12 years later, in the Enastria Empire, we meet Yui (who is soon revealed to be the empress), and Rena, her sister whom you might have spotted in the prologue. Rena is actually her adopted sister. She was found near Rimgarde while they were investigating, and Yui’s mother decided to adopt her.
It also turns out towards the end of the first episode that Rena is not human, in a kick-ass summoning sequence where she becomes her true self, a giant mech called a Regalia. She is one of three, named after the Furies of greek myth, who are called the Regalia of Erinius. There is a lot of lore to dive into here.
There’s a lot about this show I like. Rena and Yui have a very good relationship; the Regalia all look intimidating, and feel heavy and ancient, even when they look new and shiny; as I said: the lore is fascinating; I like the world they have built; and even the side characters are pretty interesting.
I think my only real criticism is that it maybe felt like it wasn’t everything it could have been, but that’s true of so many things. It’s an original IP as well, which just makes it more fascinating how much they’ve built into it. Very good show.
Anime of the Year
Shakunetsu no Takkyuu Musume
Aka Scorching Ping Pong Girls
Currently the anime of all years for me. Favourite of all time. It’s possible it will be topped in the future, though I have no idea what it would take.
I knew almost right away I was in trouble. “The moe is strong. All girls. And there’s the yuri angle too. Yep, I have to watch this now. No choice.”
I still couldn’t have expected that the story of Agari, Koyori, and everyone else they meet, would be this exciting, and hit me this hard.
At Suzumegahara high school, the table tennis club’s star player is Kamiya Agari, a girl with a strong drive to win who has forgotten what it’s like to have fun playing table tennis. All that matters to her now is winning, and the praise she gets because of it.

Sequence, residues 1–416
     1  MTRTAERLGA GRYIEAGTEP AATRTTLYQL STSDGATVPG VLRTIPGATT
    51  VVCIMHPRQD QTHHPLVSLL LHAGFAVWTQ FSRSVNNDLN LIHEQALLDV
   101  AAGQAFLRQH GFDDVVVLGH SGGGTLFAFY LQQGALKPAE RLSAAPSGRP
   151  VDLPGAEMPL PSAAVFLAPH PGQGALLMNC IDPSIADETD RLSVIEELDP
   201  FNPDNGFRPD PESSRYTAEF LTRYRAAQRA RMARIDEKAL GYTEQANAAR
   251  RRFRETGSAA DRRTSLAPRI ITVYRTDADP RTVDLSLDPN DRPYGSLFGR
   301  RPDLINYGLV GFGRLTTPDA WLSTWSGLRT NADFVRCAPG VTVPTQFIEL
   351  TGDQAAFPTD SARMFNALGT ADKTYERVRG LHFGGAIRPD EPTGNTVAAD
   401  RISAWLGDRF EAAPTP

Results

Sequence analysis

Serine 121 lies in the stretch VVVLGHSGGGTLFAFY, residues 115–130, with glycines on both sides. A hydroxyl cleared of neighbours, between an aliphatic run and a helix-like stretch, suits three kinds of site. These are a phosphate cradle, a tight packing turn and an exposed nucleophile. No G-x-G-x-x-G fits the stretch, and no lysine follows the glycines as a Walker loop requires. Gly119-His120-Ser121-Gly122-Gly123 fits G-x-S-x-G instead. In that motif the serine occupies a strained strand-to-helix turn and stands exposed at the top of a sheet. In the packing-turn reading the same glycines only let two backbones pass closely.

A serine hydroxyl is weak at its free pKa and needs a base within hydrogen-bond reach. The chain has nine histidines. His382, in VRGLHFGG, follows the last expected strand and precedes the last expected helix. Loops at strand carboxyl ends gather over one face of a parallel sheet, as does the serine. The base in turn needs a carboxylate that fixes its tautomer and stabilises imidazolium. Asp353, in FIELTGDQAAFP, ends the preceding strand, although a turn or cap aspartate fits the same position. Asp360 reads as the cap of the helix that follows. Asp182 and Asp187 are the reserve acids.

Just transferring to the school is Tsumujikaze Koyori, another table tennis player who perhaps might even rival Agari in skill. To contrast Agari, Koyori plays entirely for the fun of the game. She loves drawing out the best in her opponents, and try to push them even further by mounting a fierce comeback to test their limits. She doesn’t mind if she wins or loses, so long as it was fun.
Koyori lacks the kind of drive Agari exhibits, and Agari lacks the sense of fun that Koyori revels in. Together the two of them awaken in each other what the other lacks, and a deep bond is formed as they stride forward to take the table tennis world by storm.
It’s cute, it’s fun, it’s interesting, the romance is great, the characters are great, great couples, and perhaps most of all: It’s incredibly exciting. It makes my heart race in a way nothing else I can remember watching ever has. Especially after a really intense match.
It has completely won me over, and I will sing its praises for a long time to come.
There we go. That was quite a lot, actually. Maybe it would have been better sticking to some sort of top ten or top five list format, but 2016 was a good anime year, and I had a lot I wanted to highlight.
As for 2017, I basically have no idea what to expect. I’ve increasingly come to stay away from promo material and such, so I go into a new season almost entirely blind. The only thing I know about the upcoming Winter Season is that there’s an adaptation of the Akiba’s Trip videogame. That should be… something.